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Wall Street Journal Quotes ELA Members on Living Wills
- March 23rd, 2005
Two ElderLawAnswers member attorneys are quoted in a Wall Street Journal article on the importance of living wills in light of the Terri Schiavo case.
Like three-quarters of Americans, Ms. Schiavo had no living will when, at age 26, a heart attack cut off oxygen to her brain. She has been in what doctors are calling a persistent vegetative state for the past 15 years. A living will, which allows individuals to communicate -- in writing -- their end-of-life wishes if they are unable to do so themselves, would likely have settled the dispute currently raging between Ms. Schiavo&#39s husband and her parents over whether life-sustaining treatment should be withdrawn.
But the Journal article emphasizes that a living will cannot cover all of the potential circumstances that can arise in a particular medical case, and recent research shows that doctors don&#39t always follow them to the letter.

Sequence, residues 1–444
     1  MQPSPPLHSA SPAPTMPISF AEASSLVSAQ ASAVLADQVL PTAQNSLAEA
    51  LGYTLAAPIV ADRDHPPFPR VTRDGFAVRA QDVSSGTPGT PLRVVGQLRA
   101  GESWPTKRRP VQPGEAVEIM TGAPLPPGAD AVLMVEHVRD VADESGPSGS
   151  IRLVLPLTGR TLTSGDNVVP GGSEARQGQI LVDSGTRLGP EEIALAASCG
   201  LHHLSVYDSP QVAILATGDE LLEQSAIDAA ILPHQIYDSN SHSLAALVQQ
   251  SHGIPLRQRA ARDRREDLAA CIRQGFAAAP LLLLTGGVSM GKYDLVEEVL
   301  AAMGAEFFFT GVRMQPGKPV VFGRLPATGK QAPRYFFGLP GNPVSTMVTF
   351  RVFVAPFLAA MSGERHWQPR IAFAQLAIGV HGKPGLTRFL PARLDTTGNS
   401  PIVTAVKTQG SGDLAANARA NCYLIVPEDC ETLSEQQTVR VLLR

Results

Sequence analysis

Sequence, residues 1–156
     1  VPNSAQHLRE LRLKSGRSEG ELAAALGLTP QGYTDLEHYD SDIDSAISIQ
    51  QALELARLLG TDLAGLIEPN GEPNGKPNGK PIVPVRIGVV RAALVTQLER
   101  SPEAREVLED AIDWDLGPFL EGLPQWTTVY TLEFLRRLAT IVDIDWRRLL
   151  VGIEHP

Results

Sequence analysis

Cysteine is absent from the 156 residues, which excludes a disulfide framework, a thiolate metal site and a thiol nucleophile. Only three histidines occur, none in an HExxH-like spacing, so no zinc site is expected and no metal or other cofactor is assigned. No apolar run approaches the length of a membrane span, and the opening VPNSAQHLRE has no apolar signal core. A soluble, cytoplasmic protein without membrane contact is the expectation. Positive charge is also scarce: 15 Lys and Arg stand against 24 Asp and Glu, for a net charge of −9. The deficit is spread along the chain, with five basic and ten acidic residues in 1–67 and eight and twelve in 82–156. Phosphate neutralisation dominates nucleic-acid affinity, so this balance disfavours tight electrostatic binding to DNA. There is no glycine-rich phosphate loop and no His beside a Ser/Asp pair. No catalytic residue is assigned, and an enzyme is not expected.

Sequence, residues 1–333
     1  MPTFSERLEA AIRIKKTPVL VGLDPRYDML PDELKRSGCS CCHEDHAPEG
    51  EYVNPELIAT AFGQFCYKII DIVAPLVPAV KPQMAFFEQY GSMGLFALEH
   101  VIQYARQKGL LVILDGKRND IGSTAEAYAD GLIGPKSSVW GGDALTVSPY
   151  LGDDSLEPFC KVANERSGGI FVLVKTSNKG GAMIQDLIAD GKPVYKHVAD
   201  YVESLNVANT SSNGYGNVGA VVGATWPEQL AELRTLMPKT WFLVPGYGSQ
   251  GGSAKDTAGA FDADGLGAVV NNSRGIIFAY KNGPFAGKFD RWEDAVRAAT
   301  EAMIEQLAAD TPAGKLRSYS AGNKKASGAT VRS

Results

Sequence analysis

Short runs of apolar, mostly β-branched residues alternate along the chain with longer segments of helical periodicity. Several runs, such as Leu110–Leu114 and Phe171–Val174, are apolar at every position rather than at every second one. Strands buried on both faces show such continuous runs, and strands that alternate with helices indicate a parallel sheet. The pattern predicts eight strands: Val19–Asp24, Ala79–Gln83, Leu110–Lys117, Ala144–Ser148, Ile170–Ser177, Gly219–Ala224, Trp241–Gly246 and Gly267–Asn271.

This is why a living will should be paired with a health care proxy or power of attorney document. This appoints a person to make these decisions for an incapacitated patient. In a 2003 survey conducted by AARP, only two in five adults age 45 or older had a durable power of attorney for health care decisions. But a living will or medical directive is still needed to help guide the health care agent.
The article quotes New York ElderLawAnswers member Bernard A. Krooks on the living will law in his state, and California ElderLawAnswers member Stuart Zimring on special instructions that can be placed in living wills. Zimring, who is president of the National Academy of Elder Law Attorneys, says some of his clients have had "specific instructions regarding grooming and fresh flowers in their rooms, and certain kinds of music being played." He also talks with clients about whether they would want to take part in experimental procedures.
The article notes that beginning April 1, the National Hospice & Palliative Care Organization will have all state forms available at the Web site www.caringinfo.org.
To draw up a living will and other crucial estate planning tools, contact an elder law attorney in your area.
To read the Wall Street Journal article. go to: http://online.wsj.com/search (Paid subscription required.)
For more on living wills and other medical directives, click here.
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